Submissions to the UN Committee on the Rights of the Child
In line with previous submissions to UN Treaty Bodies, IHRA has made a formal submission to the UN Committee on the Rights of the Child, in respect of a current review of Australia’s actions to meet obligations under the Convention on the Rights of the Child.
As a member of the Australian Child Rights Taskforce, IHRA also participated in the development and submission of a joint shadow report by that taskforce. This process was led by UNICEF, and we thank the report authors – in particular Freyana Irani – for their work.
The Committee made strong recommendations in their concluding observations on 30 September 2019.
The shadow report has been kindly endorsed by the Androgen Insensitivity Syndrome Support Group Australia, Disabled People’s Organisations of Australia, National LGBTI Health Alliance, and People with Disability Australia.
It makes a number of recommendations, based upon the 2017 Darlington Statement by Australian and New Zealand intersex advocates, and it reports on the federal policy context, judgments and statements by the Family Court of Australia, and several States and Territories including Victoria, ACT, New South Wales, Queensland and South Australia.
Overall, the document summarises the current situation for intersex people, in particular, the continued so-called “normalisation” of intersex bodies, claims of clinical consensus, the absence of empirical evidence for clinical practices, and the absence of any recognition of our right to bodily autonomy. The report provides evidence of continuing harmful, coercive practices in Australian hospitals, with the support of Australian governments and the Family Court.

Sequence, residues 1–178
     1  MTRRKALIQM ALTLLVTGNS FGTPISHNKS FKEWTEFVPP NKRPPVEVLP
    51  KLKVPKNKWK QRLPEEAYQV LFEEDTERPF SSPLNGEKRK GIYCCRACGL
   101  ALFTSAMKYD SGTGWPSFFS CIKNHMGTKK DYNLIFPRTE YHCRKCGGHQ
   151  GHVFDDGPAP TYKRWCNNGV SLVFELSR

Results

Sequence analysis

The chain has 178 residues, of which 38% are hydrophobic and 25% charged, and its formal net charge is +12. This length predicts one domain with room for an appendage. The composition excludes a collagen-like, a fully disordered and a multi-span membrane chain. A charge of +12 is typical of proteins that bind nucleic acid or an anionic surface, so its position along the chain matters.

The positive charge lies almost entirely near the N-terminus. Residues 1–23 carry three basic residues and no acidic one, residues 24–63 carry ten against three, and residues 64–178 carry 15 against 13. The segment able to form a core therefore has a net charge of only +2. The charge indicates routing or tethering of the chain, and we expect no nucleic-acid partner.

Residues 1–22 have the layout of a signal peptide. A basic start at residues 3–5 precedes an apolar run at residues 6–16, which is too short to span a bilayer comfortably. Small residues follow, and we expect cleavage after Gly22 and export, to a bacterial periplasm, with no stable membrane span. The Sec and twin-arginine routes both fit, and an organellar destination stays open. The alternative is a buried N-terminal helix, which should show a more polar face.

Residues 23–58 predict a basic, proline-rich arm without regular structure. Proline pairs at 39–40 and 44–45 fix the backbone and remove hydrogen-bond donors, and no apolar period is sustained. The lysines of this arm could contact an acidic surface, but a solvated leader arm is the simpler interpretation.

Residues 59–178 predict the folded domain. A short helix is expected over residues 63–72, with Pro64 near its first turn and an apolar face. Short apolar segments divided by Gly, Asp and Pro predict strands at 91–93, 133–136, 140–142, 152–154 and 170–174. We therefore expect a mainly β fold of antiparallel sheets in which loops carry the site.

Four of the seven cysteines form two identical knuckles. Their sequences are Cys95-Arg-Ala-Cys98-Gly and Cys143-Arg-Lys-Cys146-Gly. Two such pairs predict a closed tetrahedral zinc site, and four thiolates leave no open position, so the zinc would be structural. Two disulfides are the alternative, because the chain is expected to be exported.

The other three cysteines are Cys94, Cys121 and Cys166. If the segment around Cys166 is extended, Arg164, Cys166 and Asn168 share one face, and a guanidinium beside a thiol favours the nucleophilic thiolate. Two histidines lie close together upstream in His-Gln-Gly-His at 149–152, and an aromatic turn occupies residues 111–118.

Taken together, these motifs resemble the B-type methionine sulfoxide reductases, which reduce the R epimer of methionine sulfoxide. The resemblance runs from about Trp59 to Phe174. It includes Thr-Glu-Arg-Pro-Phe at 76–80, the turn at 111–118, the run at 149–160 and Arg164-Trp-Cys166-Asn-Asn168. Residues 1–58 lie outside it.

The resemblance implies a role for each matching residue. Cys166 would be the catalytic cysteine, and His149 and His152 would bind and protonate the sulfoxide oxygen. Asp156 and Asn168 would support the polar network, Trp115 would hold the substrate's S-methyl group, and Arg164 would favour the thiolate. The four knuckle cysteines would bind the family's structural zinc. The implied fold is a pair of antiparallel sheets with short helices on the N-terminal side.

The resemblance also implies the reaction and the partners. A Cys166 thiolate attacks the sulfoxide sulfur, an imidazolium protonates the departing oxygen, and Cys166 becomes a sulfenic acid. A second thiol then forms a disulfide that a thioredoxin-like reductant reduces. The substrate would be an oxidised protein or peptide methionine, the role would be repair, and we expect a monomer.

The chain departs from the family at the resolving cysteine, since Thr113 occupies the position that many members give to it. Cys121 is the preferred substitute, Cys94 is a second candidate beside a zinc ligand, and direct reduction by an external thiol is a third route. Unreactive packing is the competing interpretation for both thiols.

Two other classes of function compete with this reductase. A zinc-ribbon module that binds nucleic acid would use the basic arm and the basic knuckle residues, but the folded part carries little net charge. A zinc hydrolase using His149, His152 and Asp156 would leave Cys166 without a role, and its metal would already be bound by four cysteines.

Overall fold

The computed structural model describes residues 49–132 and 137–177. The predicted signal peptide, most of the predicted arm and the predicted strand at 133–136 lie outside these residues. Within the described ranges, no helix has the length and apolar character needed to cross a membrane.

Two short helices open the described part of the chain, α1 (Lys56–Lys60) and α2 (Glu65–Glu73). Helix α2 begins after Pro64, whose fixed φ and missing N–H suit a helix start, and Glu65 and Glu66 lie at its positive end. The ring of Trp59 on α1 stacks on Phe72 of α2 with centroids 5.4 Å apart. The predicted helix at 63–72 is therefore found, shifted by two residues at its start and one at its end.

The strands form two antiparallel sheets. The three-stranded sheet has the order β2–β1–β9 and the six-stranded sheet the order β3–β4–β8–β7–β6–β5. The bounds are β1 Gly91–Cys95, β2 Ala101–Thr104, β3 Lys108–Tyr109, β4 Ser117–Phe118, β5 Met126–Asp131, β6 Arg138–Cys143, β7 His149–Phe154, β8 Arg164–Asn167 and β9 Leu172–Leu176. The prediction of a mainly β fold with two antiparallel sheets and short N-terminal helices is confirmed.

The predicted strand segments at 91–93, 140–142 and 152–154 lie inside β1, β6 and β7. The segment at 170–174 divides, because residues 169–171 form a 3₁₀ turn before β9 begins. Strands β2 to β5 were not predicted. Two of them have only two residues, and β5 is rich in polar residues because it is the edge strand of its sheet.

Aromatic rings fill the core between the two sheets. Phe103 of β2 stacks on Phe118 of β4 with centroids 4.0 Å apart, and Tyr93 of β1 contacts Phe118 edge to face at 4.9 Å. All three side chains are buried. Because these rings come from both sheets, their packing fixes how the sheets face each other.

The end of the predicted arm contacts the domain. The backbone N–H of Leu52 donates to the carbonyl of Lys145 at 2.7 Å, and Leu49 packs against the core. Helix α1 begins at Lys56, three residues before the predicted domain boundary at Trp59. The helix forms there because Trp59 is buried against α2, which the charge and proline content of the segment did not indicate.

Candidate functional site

The Convention on the Rights of the Child (CRC) sets out obligations to recognise the human rights of children. The joint CRC and CEDAW General Comment 18 calls for the elimination of harmful practices.
A pattern of human rights abuses on infants, children and adolescents born with intersex traits occurs in Australia, without effective, independent oversight, often based on gender stereotypes, and lacking a scientific basis. Evidence of such practices includes the 2016 Family Court of Australia case Re: Carla (Medical procedure) which facilitated the unnecessary sterilisation of a 5-year old child. Incidental disclosure in that child’s medical history of a clitorectomy and labioplasty was described by the judge as follows:
Surgery already performed on Carla has enhanced the appearance of her female genitalia (at )
In 2014, Carla underwent two operations. In March that year, Dr B, performed a ‘clitoral’ recession and labioplasty to feminise Carla’s external appearance. (at )
The judgment cites “Minnie Mouse underwear”, “glittery sandals”, “Barbie bedspreads” and other gender stereotypes (at ) in support of the sterilisation of the child.
Harmful practices occur despite rhetoric by Australian governments that denies or asserts changes to clinical practices, and that asserts recognition and valuing of intersex people.
A 2013 Senate committee inquiry made recommendations for change to clinical practice. The Australian government has rejected those recommendations; federal and State governments have failed to act. The Family Court has been unable to perform an independent role sought by the Senate inquiry. A 2017 intersex community consensus statement defines a set of demands, the Darlington Statement, in response.
We urge the Committee to make strong recommendations in line with its prior recommendations, and those of other Treaty Bodies.
We respectfully request that the Committee asks the government of Australia to recall “Joint general recommendation No. 31 of the Committee on the Elimination of Discrimination against Women/general comment No. 18 of the Committee on the Rights of the Child on harmful practices” and:
- Ensure that no one is subjected to unnecessary medical or surgical treatment during infancy or childhood, guaranteeing the rights of children to bodily integrity, autonomy and self-determination.